Secondly, by worrying too much about existing savings we may not think enough about how to save more. We have a natural tendency to protect what we have. That’s fine but if you only focus on protecting what you have, you may end up focussing on fear and scarcity.
Given that we humans sometimes struggle to hold conflicting thoughts in our minds, focusing only on protecting what we have can cause us to overlook opportunities to make more. For many people, asking: “What should I do with my savings?” is the wrong question and the better question is: “How can I spend less and earn more to increase my saving every month?”
There is a point at which caution becomes paranoia. Some people refuse to save into pensions (and so lose the tax advantages) because they fear the Government will never let them take the money out.
There are lots of other ways in which it is possible to be too careful financially.
Most people buy too much insurance. I prefer to save the money and self-insure where possible.
People over-pay for structured financial products with expensive guarantees. They cling to the illusion of safety of bonds or peer to peer lending or other fixed income products when they’d be better off accepting the volatility and higher returns of equities.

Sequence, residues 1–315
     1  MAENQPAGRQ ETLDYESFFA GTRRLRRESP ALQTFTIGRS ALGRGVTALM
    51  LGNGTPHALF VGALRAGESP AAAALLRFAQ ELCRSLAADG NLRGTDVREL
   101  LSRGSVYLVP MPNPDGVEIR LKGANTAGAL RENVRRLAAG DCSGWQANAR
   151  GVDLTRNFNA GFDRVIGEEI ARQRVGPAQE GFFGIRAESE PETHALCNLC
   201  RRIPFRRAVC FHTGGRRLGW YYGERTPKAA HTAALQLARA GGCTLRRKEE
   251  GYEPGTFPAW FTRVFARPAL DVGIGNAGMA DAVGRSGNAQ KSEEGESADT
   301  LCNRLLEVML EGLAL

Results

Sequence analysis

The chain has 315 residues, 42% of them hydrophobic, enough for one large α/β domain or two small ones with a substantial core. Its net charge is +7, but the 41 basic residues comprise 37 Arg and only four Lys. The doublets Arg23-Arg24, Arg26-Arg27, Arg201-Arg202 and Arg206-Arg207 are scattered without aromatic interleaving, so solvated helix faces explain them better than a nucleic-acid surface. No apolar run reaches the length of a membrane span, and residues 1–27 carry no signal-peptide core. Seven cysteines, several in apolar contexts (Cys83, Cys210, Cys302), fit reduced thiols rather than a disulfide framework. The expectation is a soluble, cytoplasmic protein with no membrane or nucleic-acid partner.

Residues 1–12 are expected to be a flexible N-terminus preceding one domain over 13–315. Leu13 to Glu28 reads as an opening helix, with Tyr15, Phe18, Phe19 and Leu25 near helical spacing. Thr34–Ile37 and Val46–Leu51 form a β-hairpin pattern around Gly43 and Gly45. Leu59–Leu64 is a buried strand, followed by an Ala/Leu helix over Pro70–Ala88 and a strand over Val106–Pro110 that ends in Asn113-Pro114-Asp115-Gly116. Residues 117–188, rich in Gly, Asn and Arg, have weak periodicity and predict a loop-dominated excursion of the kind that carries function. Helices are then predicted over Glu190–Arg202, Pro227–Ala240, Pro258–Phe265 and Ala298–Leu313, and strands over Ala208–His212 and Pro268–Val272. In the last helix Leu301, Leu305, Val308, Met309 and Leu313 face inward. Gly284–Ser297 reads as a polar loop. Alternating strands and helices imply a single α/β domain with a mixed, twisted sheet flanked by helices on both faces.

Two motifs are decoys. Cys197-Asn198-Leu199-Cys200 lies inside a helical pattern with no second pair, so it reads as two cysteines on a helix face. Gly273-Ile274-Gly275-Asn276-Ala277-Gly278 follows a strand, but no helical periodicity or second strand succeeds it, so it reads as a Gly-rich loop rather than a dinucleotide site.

The most striking example that you can be too careful is the people that have enough to quit but carry on working in jobs that are crushing their soul. One reader said it took them 8 years after reaching financial independence to get up the courage to quit. In my book, that’s too careful!
The idea that you can be too careful applies not just in finance but in lots of other areas of life.
In sport, you can definitely be too careful. If you are a racing driver and you never spin off, then you’re not trying hard enough. You can’t find the limits of a car unless you experiment.
We may fear “failure” or being humiliated. Which for the most part is ridiculous. We need to remind ourselves that there is no failure, there is only learning and growing. The biggest risk in fitness (and in money) is that not that you fail, its that you don’t push yourself enough to achieve what you are capable of.
Our physiology is designed by evolution to improve most when we exercise with intensity…when we dip into the red zone. If you want to build muscle, you don’t have to spend a lot of time in the gym but when you do go, you have to exercise with intensity, to push yourself to your (current) limits.
What then happens is that your body says to itself something like:
Ah! I’m being asked to do a task that I can’t currently do…that sucks…so I’m going to need to change….hmmm…lets add some muscle and burn some fat to release the energy I need.